Cadmium Found In Adult Jewelry, Group Says

We have been following news regarding the dangerous metal, <"">cadmium, turning up in children’s products. Now, the Center for Environmental Health (CEH) reports cadmium has been found in adult jewelry, as well.

As a matter-of-fact, said the CEH, the Associated Press (AP) just reported that the store, Catherine’s, is taking cadmium-tainted “breast cancer awareness” bracelets off its shelves. CEH also just notified four leading retailers—Saks Fifth Avenue, Justice, Catherine’s, and Aeropostale—that third-party laboratory testing determined that considerable cadmium levels were found in jewelry purchased from their stores this December and January.

Of note, 2009 legislation that was enacted in the state of Washington, banned cadmium in amounts greater than 0.004 percent in children’s products, said CEH.

Despite this, lab testing found that a cupcake pendant on a children’s necklace purchased from Justice as well as a pink ribbon “breast cancer awareness” women’s bracelet purchased from Catherine’s each exceeded the mandated cadmium levels by more than 18,000 times, said CEH.

Last year’s research review determined that cadmium exposure could be responsible for a large portion of recent rises in breast cancer diagnoses, said CEH. And, an AP report last month stated that there existed high cadmium levels in a wide variety of children’s jewelry and also suggested this increase in the use of cadmium could be due, in part, to increased and more stringent lead bans, leading jewelry makers to replace the one toxin for another.

Regarding the growing number of recalls due to cadmium, experts believe that
Chinese manufacturers likely switched to using cadmium in the jewelry because they are barred from using lead, the AP said. But cadmium is every bit as dangerous as lead and in addition to being a known carcinogen, the heavy metal can interfere with brain development in very young children. On the Centers for Disease Control’s (CDC) priority list of 275 most hazardous substances in the environment, cadmium ranks No. 7. Kids can ingest the cadmium in jewelry by sucking or biting it.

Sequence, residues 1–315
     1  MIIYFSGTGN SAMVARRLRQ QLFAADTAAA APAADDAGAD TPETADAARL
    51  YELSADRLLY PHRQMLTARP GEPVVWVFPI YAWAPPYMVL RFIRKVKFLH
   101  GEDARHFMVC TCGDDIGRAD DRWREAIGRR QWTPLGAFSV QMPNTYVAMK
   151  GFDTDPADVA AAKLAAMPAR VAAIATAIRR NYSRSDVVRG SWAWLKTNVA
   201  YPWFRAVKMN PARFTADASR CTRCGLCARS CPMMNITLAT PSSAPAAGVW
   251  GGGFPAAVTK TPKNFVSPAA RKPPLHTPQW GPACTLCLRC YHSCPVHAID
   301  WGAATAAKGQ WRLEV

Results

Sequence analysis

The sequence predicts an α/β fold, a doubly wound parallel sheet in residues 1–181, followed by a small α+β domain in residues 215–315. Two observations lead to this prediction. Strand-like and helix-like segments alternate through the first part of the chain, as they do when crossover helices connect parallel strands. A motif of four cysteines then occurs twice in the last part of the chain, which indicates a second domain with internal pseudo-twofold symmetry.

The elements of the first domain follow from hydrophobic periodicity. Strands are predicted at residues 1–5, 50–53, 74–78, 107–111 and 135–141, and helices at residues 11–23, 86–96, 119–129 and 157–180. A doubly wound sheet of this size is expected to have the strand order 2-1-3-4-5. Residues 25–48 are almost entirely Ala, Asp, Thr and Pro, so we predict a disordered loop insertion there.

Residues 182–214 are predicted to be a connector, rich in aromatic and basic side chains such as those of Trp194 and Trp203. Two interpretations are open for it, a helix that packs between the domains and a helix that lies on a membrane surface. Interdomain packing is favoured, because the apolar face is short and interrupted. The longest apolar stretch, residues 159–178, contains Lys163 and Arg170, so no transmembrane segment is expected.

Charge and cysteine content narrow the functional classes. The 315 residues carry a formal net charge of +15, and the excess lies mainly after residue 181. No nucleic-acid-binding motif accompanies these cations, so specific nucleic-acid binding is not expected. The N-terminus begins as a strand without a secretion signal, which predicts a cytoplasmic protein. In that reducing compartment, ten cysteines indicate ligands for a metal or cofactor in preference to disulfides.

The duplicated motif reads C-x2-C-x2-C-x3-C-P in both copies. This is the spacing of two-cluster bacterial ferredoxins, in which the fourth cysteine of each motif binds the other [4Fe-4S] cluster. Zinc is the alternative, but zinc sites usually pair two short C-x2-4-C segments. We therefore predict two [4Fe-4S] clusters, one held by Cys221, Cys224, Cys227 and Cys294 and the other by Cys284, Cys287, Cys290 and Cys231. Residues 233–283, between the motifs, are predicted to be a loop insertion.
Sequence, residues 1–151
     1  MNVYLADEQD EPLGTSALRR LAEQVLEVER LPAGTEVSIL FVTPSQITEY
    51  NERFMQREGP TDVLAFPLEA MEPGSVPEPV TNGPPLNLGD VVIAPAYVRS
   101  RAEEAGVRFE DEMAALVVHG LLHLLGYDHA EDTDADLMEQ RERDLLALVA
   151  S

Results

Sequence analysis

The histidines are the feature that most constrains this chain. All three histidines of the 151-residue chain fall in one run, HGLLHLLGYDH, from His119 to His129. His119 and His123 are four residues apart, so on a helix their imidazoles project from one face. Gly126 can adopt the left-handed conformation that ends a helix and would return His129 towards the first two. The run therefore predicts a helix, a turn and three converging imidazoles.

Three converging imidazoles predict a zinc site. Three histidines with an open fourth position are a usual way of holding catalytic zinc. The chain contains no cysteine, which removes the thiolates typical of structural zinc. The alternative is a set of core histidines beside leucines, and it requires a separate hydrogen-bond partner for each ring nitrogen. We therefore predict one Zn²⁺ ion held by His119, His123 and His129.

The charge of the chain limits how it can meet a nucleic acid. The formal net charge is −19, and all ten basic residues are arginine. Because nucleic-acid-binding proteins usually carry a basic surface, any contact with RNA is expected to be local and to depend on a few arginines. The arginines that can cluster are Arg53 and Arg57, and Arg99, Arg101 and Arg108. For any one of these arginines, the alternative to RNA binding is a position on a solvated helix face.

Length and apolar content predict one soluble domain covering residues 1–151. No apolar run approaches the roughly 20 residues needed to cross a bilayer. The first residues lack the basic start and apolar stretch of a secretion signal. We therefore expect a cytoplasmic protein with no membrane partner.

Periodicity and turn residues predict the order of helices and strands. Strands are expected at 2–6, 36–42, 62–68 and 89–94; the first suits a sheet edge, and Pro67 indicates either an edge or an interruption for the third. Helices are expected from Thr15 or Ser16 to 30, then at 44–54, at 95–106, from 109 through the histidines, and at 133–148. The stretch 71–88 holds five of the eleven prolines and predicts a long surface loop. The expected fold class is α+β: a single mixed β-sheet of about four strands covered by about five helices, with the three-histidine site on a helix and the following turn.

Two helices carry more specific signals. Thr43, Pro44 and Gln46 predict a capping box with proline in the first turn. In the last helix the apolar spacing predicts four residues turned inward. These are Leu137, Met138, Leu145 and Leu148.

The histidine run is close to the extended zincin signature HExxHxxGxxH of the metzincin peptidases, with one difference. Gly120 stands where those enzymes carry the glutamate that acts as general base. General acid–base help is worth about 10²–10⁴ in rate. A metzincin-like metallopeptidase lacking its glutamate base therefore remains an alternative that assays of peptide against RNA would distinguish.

“Our legal action sends a strong signal to industry that we will not stand by while they play toxic flavor of the month with jewelry,” said Michael Green, Executive Director of CEH. “Cadmium is toxic at any age. There is no excuse for cadmium in any jewelry, and we intend to eliminate this health threat to women and children.”

Another recent review found that cadmium has the potential to affect reproduction at every stage of the reproductive process,” reported CEH, which includes sperm production issues, becoming pregnant, maintaining a pregnancy, and birth defects. CEH explained that a heavy metal, cadmium, in addition to being known to cause cancer, also causes genetic damage and kidney problems. The metal is so dangerous that a 2006 study concluded that children’s exposure to cadmium “should be limited as much as possible.”

Exposure can occur by touch an item with cadmium or sucking or swallowing metal pieces, said CEH. And, once exposed, the metal can remain in the body for over two decades, according to CEH.

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